of frequent multiple tumors in MEN 1.
    • Intraoperative serum
      insulin measurements recently have been employed to ensure complete
      tumor removal. This may be important, particularly in patients with MEN 1
      who harbor multiple insulinomas.

    </li>
  • Tumor
    is found to be metastatic at surgery in about 5-10% of patients. It
    would be extremely uncommon for metastases to develop in a case in which
    only a solitary lesion was found on initial presentation.

    • If
      the patient is responsive to diazoxide, continue it, while more invasive
      imaging studies are performed before repetitive surgery is considered.
    • If
      the patient is not responsive (5-10%) or if drug intolerance is present
      and ectopic disease is excluded, a blind distal two-thirds
      pancreatectomy may be performed. (This procedure has only a 25% success
      rate.)
    • Most authorities recommend serial sectioning during resection.
    • Tumors that are not found at surgery normally are located in the pancreatic head (54%), body (20%), and tail (14%).

    </li>
  • Metastatic disease found

    • Even
      when metastases are found, surgical excision is often feasible before
      any medical, chemotherapeutic, or other interventional therapy is
      considered.
    • Resect all gross disease, including wedge resections of hepatic metastases.
    • Avoid ligation of the hepatic artery in case further regional infusion therapy becomes necessary
    </li>
Consultations

Consult
with the anesthetist to plan for precise preoperative and
intraoperative blood glucose monitoring. The approach should be
multidisciplinary, with an endocrinologist, surgeon, and
anesthesiologist.

Diet

  • Because most tumors are not responsive to glucose, carbohydrate feedings every 2-3 hours can help maintain euglycemia, although obesity may develop.
  • Glucagon should be available for emergency use.
Activity

Exercise may aggravate hypoglycemia in patients with insulinoma.
Medication Summary


Diazoxide
is the drug of choice because it inhibits insulin release from the
tumor. Adverse effects must be treated with hydrochlorothiazide. In
patients not responsive to or intolerant of diazoxide (10%),
somatostatin may be indicated to prevent hypoglycemia.
Next
Hyperglycemic agents

Class Summary

Inhibit insulin release from the tumor.View full drug information
Diazoxide (Proglycem, Hyperstat)

Produces an increase in blood glucose within 1 h by inhibition of insulin release from the insulinoma.

Diuretics


Class Summary

Used to counteract edema and hyperkalemia secondary to diazoxide and to potentiate its hyperglycemic effect.View full drug information
Hydrochlorothiazide (Microzide, HydroDIURIL, Esidrix)

Inhibits
reabsorption of sodium in distal tubules, causing increased excretion
of sodium and water as well as potassium and hydrogen ions.
Somatostatin analogs

Class Summary


May
control symptoms by suppressing secretion of gastroenteropancreatic
peptides including insulin. High-dose treatment also may lead to
additional antiproliferative effects. However, long-term application of
somatostatin may down-regulate receptor expression levels, resulting in
decreased efficiency despite increasing doses. Both short- and
long-acting depot preparations are available. View full drug information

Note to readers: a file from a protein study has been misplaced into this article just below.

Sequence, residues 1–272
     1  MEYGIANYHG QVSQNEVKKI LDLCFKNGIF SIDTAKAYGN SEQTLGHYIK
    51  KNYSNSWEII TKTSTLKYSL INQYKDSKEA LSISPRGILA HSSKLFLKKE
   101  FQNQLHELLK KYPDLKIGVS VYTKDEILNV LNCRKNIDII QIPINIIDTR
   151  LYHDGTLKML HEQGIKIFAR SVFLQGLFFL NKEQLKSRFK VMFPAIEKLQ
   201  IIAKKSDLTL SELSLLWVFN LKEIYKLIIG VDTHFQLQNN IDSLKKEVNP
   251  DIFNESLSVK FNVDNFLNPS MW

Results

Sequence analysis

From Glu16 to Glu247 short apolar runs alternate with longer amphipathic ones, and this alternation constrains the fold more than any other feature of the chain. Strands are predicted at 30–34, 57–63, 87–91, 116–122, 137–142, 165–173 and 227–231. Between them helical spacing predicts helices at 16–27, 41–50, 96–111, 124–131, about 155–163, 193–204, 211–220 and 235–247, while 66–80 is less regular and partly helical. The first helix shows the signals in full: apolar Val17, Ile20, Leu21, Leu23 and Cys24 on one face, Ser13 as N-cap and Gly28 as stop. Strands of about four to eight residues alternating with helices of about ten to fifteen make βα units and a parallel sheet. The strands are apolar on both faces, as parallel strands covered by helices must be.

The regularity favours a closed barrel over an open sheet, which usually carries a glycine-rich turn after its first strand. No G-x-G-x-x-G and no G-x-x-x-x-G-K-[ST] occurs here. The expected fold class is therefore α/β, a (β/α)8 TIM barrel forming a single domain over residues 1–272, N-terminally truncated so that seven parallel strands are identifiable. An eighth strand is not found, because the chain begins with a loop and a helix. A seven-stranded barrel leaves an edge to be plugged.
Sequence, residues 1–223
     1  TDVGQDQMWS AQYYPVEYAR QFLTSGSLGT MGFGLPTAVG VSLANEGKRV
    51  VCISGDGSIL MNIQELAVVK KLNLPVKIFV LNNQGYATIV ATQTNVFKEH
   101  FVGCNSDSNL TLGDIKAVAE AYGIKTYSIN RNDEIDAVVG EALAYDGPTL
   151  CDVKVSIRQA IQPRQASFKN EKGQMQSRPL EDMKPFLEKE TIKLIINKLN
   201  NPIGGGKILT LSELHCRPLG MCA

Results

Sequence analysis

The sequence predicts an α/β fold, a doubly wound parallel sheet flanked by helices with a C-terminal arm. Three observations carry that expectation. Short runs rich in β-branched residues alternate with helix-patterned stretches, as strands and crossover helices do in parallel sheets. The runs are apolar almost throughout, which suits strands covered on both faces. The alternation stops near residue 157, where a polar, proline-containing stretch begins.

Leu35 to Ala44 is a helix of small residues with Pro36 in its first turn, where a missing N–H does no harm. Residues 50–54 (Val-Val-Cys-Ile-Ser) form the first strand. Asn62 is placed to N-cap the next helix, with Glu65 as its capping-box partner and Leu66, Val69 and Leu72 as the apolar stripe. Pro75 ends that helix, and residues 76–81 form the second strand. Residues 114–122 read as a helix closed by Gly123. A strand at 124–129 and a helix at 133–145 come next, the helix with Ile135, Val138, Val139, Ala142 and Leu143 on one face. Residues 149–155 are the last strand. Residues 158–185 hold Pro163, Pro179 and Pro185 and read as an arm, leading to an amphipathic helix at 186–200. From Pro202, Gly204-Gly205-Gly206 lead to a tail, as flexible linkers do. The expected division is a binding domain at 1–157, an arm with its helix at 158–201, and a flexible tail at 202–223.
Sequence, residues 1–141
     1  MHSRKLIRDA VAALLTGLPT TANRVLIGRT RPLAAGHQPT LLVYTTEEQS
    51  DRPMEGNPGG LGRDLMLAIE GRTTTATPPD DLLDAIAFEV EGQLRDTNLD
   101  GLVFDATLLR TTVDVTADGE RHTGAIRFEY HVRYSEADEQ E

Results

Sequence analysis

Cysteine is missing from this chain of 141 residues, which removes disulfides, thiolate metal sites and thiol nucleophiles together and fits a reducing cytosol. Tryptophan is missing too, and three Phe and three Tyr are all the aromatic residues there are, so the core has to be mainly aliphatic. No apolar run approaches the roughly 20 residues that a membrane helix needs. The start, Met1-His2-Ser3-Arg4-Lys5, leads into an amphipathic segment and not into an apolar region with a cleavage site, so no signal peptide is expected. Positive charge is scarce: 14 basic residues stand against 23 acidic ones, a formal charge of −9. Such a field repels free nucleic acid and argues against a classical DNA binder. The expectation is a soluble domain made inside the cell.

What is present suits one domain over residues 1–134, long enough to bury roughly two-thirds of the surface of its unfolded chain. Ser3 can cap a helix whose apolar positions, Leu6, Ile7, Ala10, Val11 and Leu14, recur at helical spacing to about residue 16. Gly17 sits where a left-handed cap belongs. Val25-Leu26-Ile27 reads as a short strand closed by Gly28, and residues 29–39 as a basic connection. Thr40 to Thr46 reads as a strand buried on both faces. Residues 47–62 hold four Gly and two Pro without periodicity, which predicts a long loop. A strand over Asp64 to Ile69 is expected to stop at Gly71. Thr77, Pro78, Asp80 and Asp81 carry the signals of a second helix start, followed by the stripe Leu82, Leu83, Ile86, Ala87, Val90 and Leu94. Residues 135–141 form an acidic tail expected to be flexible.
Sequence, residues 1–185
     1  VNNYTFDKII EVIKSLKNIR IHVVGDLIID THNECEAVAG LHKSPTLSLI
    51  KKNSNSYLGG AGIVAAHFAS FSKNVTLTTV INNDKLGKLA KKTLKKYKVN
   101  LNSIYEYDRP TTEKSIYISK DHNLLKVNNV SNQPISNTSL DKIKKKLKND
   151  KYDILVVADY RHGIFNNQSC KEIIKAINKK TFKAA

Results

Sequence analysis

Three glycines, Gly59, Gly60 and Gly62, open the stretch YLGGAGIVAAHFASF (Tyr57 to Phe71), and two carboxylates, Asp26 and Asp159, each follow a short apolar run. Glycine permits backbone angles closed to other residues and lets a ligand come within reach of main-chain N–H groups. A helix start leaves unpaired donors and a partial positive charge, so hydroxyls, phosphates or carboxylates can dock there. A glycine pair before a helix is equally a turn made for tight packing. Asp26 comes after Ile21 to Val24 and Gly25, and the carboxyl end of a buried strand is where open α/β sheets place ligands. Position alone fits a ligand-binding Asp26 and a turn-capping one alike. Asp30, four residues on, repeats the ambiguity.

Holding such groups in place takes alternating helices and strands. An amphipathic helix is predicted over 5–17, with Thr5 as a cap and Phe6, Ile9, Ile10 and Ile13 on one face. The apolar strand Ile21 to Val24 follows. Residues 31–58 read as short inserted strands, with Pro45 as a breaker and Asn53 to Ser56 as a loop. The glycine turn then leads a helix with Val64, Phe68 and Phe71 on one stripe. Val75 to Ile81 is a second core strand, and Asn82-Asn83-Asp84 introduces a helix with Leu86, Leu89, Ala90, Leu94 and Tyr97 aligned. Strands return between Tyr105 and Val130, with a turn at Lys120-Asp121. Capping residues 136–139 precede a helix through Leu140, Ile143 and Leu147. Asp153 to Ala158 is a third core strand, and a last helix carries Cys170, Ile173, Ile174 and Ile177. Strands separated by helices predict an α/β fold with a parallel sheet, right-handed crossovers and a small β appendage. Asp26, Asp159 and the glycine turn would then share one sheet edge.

Octreotide acetate (Sandostatin)

Acts
similarly to the natural hormone somatostatin and can suppress
secretion of gastroenteropancreatic peptides including insulin.
Antineoplastic Agents

Class Summary


These agents inhibit cell growth and proliferation.View full drug information
Streptozocin (Zanosar)

Used
in fasting hypoglycemia caused by tumor. Has high affinity for
neuroendocrine cells, inhibits cell proliferation, and is cytolytic.
Interferes with normal function of DNA by alkylation and protein
modification.

Further Inpatient Care
After

  • insulinoma resection, hyperglycemia may persist for 48-72 hours because
    of chronic down-regulation of insulin-receptors by the following:

    • Previously high circulating insulin levels secreted by the tumor
    • Suppression of normal pancreatic B cells

    </li>
  • Small subcutaneous doses of insulin every 3-6 hours may be necessary if plasma glucose level exceeds 300 mg/dL (16.7 mmol/L).
  • Patients with major pancreatic resections may develop diabetes mellitus.
  • Streptozocin
    chemotherapy may be used for cytotoxic drug control of systemic
    disease. This chemotherapeutic agent appears to be toxic to cells
    producing insulin. Short-acting somatostatin analogues may be tried to
    control insulin release. In patients with unresectable metastatic
    disease to the liver, when systemic chemotherapy was unsuccessful,
    embolization of the hepatic artery and intraarterial chemotherapy may be
    indicated to control symptoms and hormone release, to inhibit tumor
    growth, and to improve survival.[26]
  • For
    insulinomas, some cases of sustained improvement in hypoglycemic
    attacks have been reported, particularly when streptozotocin has been
    used.
  • New therapy is currently under investigation.

    • OctreoTher
      consists of a somatostatin peptide analogue, labeled with a
      beta-emitter (yttrium-90). By targeting somatostatin-receptor–positive
      tumors (imaged by scan), it may deliver a local tumoricidal dose of
      radiation.[27]
    • OctreoTher binds to somatostatin receptor 2 and 3, has a mean path length of 5 mm, and a physical half-life of 64.1 hours.
    </li>

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Insulinoma , Insulinoma Clinical Presentation